Traditional potato salad is made with soybean, canola, corn, or safflower oil- based mayonnaise. These oils are highly processed and create an inflammatory state in the body. Even those boasting of claims such as “made with avocado oil/olive oil” are still merely blends of those oils along with soybean and/or canola oils. They also contain hidden sugar and preservatives! Check out the nutrition label of Hellmann’s Avocado Oil Mayonnaise and Hellmann’s Mayonnaise with Olive OIl. Pretty sad if you ask me. The same goes for the Kraft brand of “mayo”. 

My favorite healthy oils are: extra virgin olive oil, unrefined coconut oil, and avocado oil.

I found this recipe for potato salad using homemade mayonnaise made with avocado oil (you could also use extra virgin olive oil) and adjusted it just a bit. I couldn’t believe how easy it was to make this mayo…it literally took me less than five minutes!

This recipe suggests using a stick blender (also known as an immersion blender) and blending the ingredients in a mason jar. I totally concur, as I attempted the first round using my regular blender and it didn’t emulsify. Immersion blenders are relatively inexpensive– I paid $35 for my Cuisinart Smart Stick Blender at Bed Bath & Beyond. 

Print Recipe
Better-for-YOU Potato Salad
A simple red skin potato salad (with skin intact) made with homemade avocado oil-based mayonnaise. You can fancy this recipe up a bit by adding chopped hard boiled egg, carrots, and red peppers, along with a scoop or two of cooked lentils or black beans. 1 Earthfood per serving: ♥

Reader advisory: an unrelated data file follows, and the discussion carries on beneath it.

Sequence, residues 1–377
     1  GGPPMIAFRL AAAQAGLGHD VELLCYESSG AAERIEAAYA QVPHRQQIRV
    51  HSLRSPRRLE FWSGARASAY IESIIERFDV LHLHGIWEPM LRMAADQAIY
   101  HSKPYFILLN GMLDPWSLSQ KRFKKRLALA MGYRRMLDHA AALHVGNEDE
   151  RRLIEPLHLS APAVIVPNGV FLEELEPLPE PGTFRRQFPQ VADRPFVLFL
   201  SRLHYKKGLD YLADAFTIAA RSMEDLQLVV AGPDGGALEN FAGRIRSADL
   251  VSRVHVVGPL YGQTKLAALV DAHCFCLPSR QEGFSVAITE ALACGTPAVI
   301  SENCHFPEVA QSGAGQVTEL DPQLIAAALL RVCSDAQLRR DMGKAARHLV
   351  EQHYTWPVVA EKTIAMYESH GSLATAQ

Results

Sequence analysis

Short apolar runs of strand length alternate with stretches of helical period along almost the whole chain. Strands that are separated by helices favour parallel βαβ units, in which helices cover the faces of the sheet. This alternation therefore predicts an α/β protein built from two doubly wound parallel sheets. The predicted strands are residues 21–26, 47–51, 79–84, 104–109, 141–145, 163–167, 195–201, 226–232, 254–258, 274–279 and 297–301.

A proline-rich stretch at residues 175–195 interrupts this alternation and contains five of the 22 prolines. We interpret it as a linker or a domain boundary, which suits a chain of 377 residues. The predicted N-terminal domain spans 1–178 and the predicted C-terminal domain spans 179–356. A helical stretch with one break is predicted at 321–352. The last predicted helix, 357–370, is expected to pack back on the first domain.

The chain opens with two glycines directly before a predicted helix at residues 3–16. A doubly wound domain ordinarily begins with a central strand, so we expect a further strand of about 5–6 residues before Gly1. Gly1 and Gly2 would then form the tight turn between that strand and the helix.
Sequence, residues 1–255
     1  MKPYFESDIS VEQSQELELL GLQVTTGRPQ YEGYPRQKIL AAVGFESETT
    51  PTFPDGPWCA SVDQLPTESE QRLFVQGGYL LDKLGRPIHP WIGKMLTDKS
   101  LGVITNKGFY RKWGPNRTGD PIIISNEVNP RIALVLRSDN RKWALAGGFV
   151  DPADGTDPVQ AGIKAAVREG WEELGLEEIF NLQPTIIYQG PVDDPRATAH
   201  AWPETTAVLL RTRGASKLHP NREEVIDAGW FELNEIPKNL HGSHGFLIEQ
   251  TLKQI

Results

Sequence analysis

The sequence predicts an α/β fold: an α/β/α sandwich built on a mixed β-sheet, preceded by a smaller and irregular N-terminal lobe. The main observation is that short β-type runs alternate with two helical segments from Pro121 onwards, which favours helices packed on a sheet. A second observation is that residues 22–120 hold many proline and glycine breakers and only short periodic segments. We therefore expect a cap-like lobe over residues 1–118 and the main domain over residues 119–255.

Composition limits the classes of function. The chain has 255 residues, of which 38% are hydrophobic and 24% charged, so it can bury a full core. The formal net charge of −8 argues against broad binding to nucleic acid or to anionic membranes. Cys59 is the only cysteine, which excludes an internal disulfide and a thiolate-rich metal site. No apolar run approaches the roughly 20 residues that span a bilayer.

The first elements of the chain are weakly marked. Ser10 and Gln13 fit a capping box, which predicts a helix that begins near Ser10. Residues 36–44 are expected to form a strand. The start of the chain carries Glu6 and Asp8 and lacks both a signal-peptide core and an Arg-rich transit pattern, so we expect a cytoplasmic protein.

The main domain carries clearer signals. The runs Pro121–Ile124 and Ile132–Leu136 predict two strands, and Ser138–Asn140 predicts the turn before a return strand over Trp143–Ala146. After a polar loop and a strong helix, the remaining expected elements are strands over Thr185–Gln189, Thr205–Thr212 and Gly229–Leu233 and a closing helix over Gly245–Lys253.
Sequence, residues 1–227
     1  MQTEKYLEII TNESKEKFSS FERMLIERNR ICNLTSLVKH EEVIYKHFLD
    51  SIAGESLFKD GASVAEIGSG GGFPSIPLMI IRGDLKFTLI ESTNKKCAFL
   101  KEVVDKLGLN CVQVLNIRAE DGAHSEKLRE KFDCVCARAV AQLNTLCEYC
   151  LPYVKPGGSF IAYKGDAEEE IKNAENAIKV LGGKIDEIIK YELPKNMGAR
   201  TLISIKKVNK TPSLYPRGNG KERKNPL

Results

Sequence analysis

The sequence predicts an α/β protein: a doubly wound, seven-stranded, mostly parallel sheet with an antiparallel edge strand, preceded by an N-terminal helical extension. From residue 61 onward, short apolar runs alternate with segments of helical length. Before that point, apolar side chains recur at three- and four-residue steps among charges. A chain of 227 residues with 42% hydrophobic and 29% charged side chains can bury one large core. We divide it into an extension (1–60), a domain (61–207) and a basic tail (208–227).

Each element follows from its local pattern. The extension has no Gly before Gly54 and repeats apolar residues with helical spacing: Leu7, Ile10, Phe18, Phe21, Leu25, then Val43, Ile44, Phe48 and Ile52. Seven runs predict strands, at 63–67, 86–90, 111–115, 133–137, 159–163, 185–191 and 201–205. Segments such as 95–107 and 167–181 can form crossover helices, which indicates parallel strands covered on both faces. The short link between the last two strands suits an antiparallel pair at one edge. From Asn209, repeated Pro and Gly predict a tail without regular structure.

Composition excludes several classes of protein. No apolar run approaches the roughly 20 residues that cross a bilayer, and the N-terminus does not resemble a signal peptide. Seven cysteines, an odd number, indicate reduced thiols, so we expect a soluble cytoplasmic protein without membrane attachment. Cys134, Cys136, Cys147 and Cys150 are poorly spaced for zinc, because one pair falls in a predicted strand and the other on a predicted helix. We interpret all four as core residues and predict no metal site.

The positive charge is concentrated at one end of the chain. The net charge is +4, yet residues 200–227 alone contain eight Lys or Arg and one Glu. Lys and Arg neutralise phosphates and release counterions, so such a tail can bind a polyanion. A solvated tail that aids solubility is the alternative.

Prep Time 10 minutes
Cook Time 15 minutes
Servings
servings
Ingredients
  • 1 pound red skin potatoes
  • 1/3 cup homemade avocado oil mayo You could also use Chosen Foods Avocado Oil Mayo
  • 1 tsp. yellow mustard
  • 1 tbsp. Bragg Apple Cider Vinegar
  • 1/2 cup celery, diced
  • 1/4 cup red onion, diced
  • 1 tsp. fresh dill, finely chopped
  • 1 tsp. fresh chives, finely chopped
  • Sea salt and pepper to taste
Prep Time 10 minutes
Cook Time 15 minutes
Servings
servings
Ingredients
  • 1 pound red skin potatoes
  • 1/3 cup homemade avocado oil mayo You could also use Chosen Foods Avocado Oil Mayo
  • 1 tsp. yellow mustard
  • 1 tbsp. Bragg Apple Cider Vinegar
  • 1/2 cup celery, diced
  • 1/4 cup red onion, diced
  • 1 tsp. fresh dill, finely chopped
  • 1 tsp. fresh chives, finely chopped
  • Sea salt and pepper to taste
Instructions
  1. Place the potatoes in a pot and cover with cold water. Cover the pot and bring the water to a boil, remove the lid, season liberally with salt and let the potatoes cook for about 15-20 minutes or until fork tender. Drain the potatoes and let them cool completely.
  2. While the potatoes are boiling, prepare mayonnaise (see NOTES section below for recipe). Whisk together the prepared mayo, yellow mustard, apple cider vinegar, celery, onion, dill, and chives.
  3. Once the potatoes are cooled completely cut them into cubes and add them to the dressing. Gently toss to coat and season with salt and pepper to taste. Refrigerate for a minimum of 30 minutes before serving.
Recipe Notes

Click HERE for homemade mayonnaise recipe!

Nutrition Facts: Calories: 220Total Fat: 14 g; Saturated Fat: 2 g; Sodium: 140 mg; Potassium: 580 mg; Total Carbohydrate: 22 g; Dietary fiber: 4 g; Net Carbohydrates: 18 grams; Sugar: 2 g (no added sugar); Protein: 2 g